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June 2, 2002
Why Few People Respect Advertising in the Morning
As an industry that assaults the public with unwelcome messages, advertising has a responsibility to do more than just make, or take, money. So, when I see a high-profile campaign that sucks, it really pisses me off because everyone sees the greed and shallowness of the ad industry.

The consequences are harmful when a high profile campaign misses the mark so widely. I’ll pick one example.

You’ve all seen the latest anti-drug ads or at least you’ve heard about them. Teenagers saying overly dramatic soundbites like, “I helped kidnap a Columbian judge” or “I helped slaughter a Venezuelan family.”

You’re supposed to believe these teens are somewhat responsible for the treacherous state of today’s world just because they smoked pot or popped Ecstasy.

Give me a fuckin’ break.

I’m not going to spew a long-winded political diatribe on the subject. This column isn’t “Hardball.” No matter what I think about the war on drugs or the war on terrorism, the fact remains this ad campaign is an untruthful, irrelevant, giant steaming pile of crap.

However, I’m willing to be a good, compliant American. If the Government’s new ad strategy involves using the threat of terrorism to fix our nation’s ills, I’m on board.

In fact, I’ve even concepted the second round of the campaign. Here’s my thinking and the execution:

- What has funded our recent terrorism more than drug money? America’s dependence on oil.

- Who in America uses the most oil? Folks who drive SUV’s and minivans.

- Who drives SUV’s and minivans? Soccer moms.

So I say the next batch of ads feature soccer moms behind the wheel of their Expeditions and Land Rovers, saying their gas-guzzling vehicles encourage terrorism and worldwide carnage.

Now, why won’t you see those ads? Simple. Soccer moms vote. Teenagers don’t.

The current ads point fingers at teenagers, a group of people who don’t have a registered voice to talk back, and it’s a cop-out to lay the terrorist problem at their feet. Yes, the anti-drug campaign is controversial. It’s being talked about. Fine.

Stopping terrorism and drug use by linking the two won’t put a dent in either. Good advertising has at least a nugget of truth, believability, or entertainment. The anti-drug spots fail on all three accounts.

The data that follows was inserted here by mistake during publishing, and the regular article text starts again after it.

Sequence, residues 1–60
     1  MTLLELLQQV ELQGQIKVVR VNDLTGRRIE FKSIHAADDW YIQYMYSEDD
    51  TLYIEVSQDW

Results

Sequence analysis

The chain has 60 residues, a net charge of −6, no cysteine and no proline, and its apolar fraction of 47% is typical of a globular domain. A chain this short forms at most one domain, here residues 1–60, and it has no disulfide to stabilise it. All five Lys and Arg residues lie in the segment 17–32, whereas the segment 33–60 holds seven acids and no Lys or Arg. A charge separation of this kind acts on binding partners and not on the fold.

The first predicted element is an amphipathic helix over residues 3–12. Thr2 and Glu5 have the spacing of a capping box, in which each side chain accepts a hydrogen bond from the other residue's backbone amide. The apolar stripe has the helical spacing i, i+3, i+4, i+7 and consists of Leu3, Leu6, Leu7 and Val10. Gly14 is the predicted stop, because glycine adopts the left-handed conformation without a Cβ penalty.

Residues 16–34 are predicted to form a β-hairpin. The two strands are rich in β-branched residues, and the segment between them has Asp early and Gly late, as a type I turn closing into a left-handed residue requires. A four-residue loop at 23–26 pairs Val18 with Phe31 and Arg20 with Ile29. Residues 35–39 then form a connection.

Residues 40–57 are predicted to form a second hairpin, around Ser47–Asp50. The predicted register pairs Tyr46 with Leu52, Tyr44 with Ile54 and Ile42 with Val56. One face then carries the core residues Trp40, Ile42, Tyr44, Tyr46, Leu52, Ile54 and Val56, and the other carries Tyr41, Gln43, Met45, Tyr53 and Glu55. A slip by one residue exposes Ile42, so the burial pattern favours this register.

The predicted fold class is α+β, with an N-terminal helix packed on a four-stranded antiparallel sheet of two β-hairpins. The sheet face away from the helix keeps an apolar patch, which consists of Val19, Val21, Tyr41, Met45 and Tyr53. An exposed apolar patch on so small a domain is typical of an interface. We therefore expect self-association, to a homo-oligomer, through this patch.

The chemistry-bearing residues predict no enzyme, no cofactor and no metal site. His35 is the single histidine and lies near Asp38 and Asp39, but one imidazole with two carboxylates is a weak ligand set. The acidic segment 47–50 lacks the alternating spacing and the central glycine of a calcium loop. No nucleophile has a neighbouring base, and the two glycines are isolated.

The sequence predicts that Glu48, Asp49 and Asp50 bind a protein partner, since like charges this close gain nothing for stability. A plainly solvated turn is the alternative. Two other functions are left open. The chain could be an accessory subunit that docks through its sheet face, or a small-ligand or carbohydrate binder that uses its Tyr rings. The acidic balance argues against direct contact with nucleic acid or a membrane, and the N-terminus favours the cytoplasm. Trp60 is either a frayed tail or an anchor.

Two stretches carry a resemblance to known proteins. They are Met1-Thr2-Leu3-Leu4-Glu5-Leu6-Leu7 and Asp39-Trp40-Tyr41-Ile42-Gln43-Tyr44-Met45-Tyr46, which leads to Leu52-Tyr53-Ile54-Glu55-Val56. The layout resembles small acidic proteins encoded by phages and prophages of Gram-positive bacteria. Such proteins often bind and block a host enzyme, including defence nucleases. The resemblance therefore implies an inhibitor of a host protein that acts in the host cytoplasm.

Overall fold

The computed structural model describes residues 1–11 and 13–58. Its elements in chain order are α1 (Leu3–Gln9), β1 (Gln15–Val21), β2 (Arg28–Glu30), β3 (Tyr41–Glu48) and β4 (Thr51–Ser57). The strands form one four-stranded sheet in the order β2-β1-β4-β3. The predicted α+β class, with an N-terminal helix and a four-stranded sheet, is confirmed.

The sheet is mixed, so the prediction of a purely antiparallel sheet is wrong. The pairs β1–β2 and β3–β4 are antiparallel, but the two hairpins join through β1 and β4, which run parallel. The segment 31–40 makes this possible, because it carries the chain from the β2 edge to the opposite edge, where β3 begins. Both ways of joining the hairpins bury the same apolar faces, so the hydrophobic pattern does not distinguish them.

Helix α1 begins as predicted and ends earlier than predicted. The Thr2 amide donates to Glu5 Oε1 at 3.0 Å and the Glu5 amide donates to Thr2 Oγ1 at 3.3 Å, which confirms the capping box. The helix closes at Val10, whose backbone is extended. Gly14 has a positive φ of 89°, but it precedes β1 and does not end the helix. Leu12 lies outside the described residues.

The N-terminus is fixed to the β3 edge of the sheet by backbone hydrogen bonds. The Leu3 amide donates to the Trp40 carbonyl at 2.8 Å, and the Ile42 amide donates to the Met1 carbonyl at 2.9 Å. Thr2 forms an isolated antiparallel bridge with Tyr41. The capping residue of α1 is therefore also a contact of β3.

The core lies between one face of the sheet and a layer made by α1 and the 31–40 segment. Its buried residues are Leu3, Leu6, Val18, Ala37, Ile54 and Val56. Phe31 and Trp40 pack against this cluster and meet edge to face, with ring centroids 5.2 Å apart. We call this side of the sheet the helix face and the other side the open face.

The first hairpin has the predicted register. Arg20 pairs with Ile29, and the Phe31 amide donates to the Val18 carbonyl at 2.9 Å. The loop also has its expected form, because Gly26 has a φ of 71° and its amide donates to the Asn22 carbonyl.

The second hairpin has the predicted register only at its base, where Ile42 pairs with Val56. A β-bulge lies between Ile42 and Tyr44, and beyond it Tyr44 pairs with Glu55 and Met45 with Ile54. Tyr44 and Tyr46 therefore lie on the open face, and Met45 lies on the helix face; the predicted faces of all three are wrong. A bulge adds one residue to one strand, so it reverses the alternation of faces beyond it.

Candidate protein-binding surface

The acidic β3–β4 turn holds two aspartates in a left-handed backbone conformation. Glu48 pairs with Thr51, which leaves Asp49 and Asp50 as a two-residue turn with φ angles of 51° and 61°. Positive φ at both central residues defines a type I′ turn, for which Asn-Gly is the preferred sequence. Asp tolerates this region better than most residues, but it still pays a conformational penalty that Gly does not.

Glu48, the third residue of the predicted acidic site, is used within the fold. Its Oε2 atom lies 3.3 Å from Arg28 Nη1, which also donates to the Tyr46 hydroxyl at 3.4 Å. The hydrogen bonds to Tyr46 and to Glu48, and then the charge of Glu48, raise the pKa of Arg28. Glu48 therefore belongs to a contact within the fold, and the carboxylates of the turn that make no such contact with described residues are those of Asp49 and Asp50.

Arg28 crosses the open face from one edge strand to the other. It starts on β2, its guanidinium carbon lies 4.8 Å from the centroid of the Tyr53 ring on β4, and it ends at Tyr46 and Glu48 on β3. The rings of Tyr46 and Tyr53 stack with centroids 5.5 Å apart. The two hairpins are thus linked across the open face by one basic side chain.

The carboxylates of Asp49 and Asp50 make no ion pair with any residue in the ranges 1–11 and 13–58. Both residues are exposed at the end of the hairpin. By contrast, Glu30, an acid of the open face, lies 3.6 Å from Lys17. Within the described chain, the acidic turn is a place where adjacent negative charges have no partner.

I picked this campaign because it isn’t a Macaroni & Cheese or feminine hygiene account. We expect those categories to be filled with bad work. I don’t intend to piss on this one campaign and the campaign’s creators.

Simply put, I want to illustrate that bad thinking on a high-profile account in a public service-type category like this is truly harmful to the advertising industry.

Admittedly, I feel slightly sorry for the ad folks who worked on the campaign. I know it sucks to work from a ridiculous creative brief, having done it many times myself. Plus, the client is the Government. Uncle Sam is well-stocked with guns and search warrants.

What are you gonna do, look your powerful client in the eye and tell them they’re wrong? Would your agency (or any agency, for that matter) turn down lucrative government cash on principle alone?

I will venture a guess that most ad professionals see right through public service campaigns that do nothing to truly serve the public. Ad people have a knack for detecting bullshit even while we are slinging it. If we as ad professionals don’t believe it, why do we think millions of people will believe it?

Recently, the outgoing Chairman of the Board of Directors of the 4A’s said that the general public doesn't respect the ad industry "as much as they should." Well, duh. I think the anti-drug campaign is a high-profile example of why.

Advertising can be a powerful tool to advance businesses, organizations and certainly causes. Advancing those entities successfully means strategic thinking and execution that comes from an honest place.

It’s not too late to maintain some credibility of the craft of advertising. First, however, we need to stop whoring ourselves to anyone who waves a buck in our face, and then ask to be respected.

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Since 2002, Dan Goldgeier has been writing the most provocative advertising columns about advertising and marketing -- over 170 of them, covering every related topic you can think of. Now based in Seattle, Dan is a copywriter and ad school graduate who's worked at shops big and small. 

Visit his copywriting websitesee his LinkedIn profile or follow him on Twitter.

And please, buy his book for 99 cents.


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